What To Know About Filing For Bankruptcy
About one million Americans file for personal bankruptcy each year, with one in 10 households having filed at some point. Given the loss of jobs, reduced income, and the coronavirus recession in 2020, those numbers could increase this year if the economic recovery is not both swift and omnipresent.
There are two main types of personal bankruptcy: Chapter 7 and Chapter 13. Chapter 7, which is the more common option, will liquidate the filer’s assets in order to discharge all or a portion of the outstanding debt. People generally choose this route because they are in way over their heads and do not earn enough income to pay their debts in any type of normal time frame.
Chapter 13, on the other hand, provides some immediate breathing room while helping the filer develop a payment plan based on a reduced percentage of the debt. This percentage is determined by how much he makes and what he can feasibly pay each month. While a Chapter 7 bankruptcy remains on your credit report for 10 years, while Chapter 13 bankruptcy is a bit less punitive staying on record for only seven years. As the filer works to pay down his debt and sticks to his plan, his credit score will gradually improve over time. In some cases, the debtor may be able to apply for an FHA, VA, or USDA home loan a year after his bankruptcy filing, or two to four years if applying for a conventional mortgage.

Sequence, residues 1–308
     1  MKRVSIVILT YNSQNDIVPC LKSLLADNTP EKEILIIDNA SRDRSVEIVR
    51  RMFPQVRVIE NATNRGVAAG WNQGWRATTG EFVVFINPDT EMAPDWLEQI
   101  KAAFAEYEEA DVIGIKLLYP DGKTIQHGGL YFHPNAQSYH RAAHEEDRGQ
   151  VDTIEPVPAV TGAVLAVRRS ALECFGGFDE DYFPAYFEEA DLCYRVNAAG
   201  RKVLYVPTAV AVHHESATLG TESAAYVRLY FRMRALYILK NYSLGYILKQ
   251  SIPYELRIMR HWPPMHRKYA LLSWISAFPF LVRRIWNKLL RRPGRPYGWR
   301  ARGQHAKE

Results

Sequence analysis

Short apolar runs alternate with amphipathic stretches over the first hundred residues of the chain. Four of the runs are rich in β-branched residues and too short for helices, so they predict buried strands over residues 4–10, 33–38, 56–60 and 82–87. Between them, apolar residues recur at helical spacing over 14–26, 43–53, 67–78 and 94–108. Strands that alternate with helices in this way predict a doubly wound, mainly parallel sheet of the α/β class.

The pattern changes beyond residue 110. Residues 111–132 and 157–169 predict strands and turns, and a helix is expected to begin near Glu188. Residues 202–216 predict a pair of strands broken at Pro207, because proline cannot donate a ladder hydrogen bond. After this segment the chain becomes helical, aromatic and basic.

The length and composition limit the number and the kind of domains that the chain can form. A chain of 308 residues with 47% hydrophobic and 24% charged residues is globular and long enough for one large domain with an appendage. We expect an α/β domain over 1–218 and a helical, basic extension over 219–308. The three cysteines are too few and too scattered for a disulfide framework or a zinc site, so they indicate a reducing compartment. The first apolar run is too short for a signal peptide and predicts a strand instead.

Bankruptcy can provide immediate relief from creditors calling and threatening to evict, foreclose, repossess, shut off, or garnish wages. However, be prepared for some level of pain, such as the bankruptcy court seizing property to be sold to pay your creditors, and/or your credit cards being canceled.
You may see television ads to get debt relief without having to file bankruptcy. Be aware that while these programs may negotiate a debt settlement to something you can better afford, they will not skirt the wrath of the dreaded credit rating agencies. Any time an entity negotiates a reduction in your debt, this will show up as a negative factor on your credit score, and will likely remain that way for many years. A more recent issue that not everyone is aware of is that some employers have started checking the credit reports of job applicants. This makes it all the more difficult to pay off your debt if you can’t get a job because of your past payment history. Your best option is to secure a reliable income before you work with a debt relief agency or file for bankruptcy.
Before entering any type of debt relief program, it’s a good idea to consult with a qualified, non-profit credit counseling agency for a free debt analysis. Don’t go to just anyone; make sure it is a legitimate resource which, by law, is required to serve your best interest. Shady debt counseling vendors are inclined to recommend a debt solution that works out better for the agency than their clients.
If you do decide to file for bankruptcy, be aware that court fees cost about $300, plus lawyer fees tend to run between $1,000 and $3,000 for a Chapter 7 filing and approximately $3,000 to $6,000 for a Chapter 13 filing.
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